Continued Leaving Certificate grade inflation sparks criticism

Leaving Certificate results once again saw a continuation of the inflation established over the COVID-19 lockdowns, despite the complete return to in person examinations.

This move to maintain inflation has sparked criticism from several bodies and individuals involved in third level education.

Since the turn to continuous assessment grading at the outset of the pandemic, Leaving Certificate grades have seen steep and maintained inflation at the highest level, with little to no change in the 2021/22 academic year results, which were released on Friday, September 2nd.

The grades continued their upward inflation to better match the previous years’ highs, with the intention of preventing students who sat this year's Leaving Certificate from being at a disadvantage when competing with the class of 2021, who deferred their places or took gap years and applied to college this year instead. 

Speaking to the Irish Times, Prof Ciarán Ó hÓgartaigh, President of the University of Galway, said that the inflated grades were an “injustice” to students, as they make it harder to identify top performing students. The Times also reported that approximately 50% of students received adjusted grades this year, with a higher percentage of those adjustments occurring among the lower percentage of marks, and fewer adjustments made at H1 level.

Speaking to the University Observer, UCDSU Education Officer, Martha Ní Riada, stated that “The inflation of Leaving Cert grades over the last few years has made access to further education and institutions like UCD less accessible.” She went on to say that “The recent grade inflation has highlighted the systemic issues within the Leaving Cert system and we must call for reform of the elitist and exclusionary points system. Social Justice Ireland reported last year that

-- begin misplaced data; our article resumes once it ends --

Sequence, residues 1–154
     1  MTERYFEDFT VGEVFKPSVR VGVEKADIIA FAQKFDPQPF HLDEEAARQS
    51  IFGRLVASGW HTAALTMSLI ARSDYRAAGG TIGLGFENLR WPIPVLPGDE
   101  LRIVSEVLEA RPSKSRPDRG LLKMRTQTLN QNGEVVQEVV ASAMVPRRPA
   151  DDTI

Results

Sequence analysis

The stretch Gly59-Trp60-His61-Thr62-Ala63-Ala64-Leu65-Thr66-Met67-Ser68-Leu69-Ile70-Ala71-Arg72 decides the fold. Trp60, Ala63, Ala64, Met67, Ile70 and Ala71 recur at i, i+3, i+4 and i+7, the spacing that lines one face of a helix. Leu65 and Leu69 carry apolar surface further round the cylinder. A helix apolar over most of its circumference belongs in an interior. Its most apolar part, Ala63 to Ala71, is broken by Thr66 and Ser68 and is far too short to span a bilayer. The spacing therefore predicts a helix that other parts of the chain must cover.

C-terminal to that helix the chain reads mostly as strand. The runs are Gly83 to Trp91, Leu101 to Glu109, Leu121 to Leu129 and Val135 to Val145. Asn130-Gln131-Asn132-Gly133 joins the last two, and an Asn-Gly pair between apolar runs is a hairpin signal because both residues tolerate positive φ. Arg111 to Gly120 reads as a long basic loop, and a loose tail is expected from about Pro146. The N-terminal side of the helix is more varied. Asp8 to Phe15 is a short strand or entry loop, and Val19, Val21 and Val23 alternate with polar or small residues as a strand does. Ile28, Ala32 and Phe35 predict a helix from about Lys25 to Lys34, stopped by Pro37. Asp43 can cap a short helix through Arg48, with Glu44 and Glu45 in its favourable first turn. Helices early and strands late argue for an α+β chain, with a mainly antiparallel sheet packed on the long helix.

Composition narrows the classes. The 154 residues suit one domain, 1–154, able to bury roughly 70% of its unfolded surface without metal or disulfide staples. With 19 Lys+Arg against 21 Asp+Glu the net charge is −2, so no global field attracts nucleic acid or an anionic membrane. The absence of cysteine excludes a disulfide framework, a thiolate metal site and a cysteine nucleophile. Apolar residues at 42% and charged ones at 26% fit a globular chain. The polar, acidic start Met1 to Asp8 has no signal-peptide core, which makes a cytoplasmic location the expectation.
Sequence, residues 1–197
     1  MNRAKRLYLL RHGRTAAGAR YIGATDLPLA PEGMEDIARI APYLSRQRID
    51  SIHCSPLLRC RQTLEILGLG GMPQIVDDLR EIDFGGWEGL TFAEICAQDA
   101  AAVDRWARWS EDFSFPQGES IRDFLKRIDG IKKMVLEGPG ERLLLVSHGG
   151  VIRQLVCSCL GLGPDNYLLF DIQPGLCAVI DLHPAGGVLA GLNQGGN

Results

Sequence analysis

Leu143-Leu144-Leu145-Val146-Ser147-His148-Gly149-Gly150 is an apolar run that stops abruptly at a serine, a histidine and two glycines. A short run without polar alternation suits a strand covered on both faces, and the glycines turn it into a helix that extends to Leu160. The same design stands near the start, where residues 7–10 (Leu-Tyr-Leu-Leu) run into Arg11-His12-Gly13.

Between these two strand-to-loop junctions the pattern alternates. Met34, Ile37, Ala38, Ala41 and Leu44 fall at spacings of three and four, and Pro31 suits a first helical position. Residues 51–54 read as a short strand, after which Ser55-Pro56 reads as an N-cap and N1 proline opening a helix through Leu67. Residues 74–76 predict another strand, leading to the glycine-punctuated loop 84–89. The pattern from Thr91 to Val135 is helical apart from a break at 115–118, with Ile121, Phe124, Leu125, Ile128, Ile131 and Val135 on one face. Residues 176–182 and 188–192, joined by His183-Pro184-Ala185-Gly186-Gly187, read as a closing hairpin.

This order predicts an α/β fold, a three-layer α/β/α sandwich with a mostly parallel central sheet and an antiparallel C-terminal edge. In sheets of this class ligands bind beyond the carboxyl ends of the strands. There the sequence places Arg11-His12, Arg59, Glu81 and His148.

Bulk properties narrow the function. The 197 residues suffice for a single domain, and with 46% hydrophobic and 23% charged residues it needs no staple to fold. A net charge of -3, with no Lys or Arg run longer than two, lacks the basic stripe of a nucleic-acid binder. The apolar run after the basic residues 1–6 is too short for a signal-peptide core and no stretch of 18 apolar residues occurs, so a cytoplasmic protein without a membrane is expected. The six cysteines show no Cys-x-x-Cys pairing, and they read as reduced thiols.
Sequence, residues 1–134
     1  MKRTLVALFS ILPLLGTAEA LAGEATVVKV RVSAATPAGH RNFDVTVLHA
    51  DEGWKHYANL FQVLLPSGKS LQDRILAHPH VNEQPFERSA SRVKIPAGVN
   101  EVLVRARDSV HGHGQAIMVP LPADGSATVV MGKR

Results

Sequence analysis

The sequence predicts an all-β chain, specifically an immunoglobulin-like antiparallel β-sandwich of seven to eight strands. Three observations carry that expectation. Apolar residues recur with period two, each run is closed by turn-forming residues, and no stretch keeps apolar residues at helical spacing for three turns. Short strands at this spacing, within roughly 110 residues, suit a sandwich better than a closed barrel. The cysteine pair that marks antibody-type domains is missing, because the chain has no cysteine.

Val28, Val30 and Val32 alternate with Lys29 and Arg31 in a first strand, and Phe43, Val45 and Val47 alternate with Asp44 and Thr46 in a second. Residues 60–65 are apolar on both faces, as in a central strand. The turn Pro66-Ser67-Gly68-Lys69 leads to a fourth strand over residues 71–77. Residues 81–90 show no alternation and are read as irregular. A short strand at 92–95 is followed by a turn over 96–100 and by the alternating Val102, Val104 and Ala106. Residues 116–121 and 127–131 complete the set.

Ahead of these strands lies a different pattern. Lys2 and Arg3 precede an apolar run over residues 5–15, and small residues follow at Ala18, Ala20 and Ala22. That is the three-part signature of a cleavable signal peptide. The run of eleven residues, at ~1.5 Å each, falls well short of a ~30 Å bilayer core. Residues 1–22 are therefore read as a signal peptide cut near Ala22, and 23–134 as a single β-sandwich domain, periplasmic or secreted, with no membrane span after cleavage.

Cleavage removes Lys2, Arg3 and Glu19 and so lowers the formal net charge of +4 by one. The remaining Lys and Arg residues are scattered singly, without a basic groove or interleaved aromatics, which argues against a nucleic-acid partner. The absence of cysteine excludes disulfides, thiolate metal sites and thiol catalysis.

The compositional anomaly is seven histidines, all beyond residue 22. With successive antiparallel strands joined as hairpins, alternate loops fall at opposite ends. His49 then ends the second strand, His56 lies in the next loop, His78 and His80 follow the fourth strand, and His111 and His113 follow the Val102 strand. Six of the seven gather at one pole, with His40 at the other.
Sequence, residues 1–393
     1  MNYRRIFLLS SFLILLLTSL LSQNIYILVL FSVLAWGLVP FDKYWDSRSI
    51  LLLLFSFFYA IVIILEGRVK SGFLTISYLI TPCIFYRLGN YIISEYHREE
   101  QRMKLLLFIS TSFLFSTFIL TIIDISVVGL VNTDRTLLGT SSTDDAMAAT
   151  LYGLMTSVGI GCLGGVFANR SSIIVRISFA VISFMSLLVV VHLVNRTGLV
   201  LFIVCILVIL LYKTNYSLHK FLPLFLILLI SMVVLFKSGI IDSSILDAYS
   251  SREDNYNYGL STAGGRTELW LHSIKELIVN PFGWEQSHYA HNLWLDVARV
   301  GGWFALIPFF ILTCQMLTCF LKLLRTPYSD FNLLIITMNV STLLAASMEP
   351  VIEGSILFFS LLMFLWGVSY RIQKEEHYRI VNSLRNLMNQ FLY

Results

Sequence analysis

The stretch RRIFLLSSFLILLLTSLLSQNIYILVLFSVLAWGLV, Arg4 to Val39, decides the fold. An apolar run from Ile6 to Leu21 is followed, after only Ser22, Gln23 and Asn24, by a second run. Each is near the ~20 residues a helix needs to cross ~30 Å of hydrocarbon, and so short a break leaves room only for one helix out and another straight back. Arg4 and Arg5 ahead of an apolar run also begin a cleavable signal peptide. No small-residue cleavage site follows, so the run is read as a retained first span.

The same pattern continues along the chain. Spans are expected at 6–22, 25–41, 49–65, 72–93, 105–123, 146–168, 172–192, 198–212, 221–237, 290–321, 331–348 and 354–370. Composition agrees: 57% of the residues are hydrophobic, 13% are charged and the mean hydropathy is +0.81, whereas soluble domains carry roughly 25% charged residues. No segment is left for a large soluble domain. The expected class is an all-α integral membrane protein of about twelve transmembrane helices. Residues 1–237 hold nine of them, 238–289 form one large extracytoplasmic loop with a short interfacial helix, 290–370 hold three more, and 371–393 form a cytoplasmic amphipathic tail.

82% of all H1s awarded were to privately educated students, despite making up only 6% of the population, this clearly shows that our system is not equal and those coming from privileged backgrounds are further rewarded. The points lottery for college places resulting from inflated grades is symptomatic of this broken system. [...] The degree of grade inflation this far out from the initial pandemic does not serve students and is unsustainable. Subjecting students on the same points to a lottery system for acceptance into their college course is unfair and not in their best interest. [...] UCDSU would support a return to the old averages, as if grades continue to increase at the current rate we will have a completely unworkable system within a year or two as many of the high points courses will have to base their allocation of courses on a lottery system.”

In response to Prof Ó hÓgartaigh’s comments in the Times, Ní Riada maintains “I would agree with Professor Ciarán Ó hÓgartaigh’s assertion that inflated grades are doing an injustice to students, however, I would go further by stating that every year Leaving Cert grades do an injustice to students through not acknowledging the inequality in access to private grinds and education, a lack of recognition of the differing learning styles of students, and a focus on rote learning. The meritocracy of the CAO points system for entry into third level education is inherently exclusionary as privilege is not acknowledged.”

The State Examinations Commission maintain that all adjustments were made to maintain a “fair and equitable” treatment of students applying to higher and further education institutions.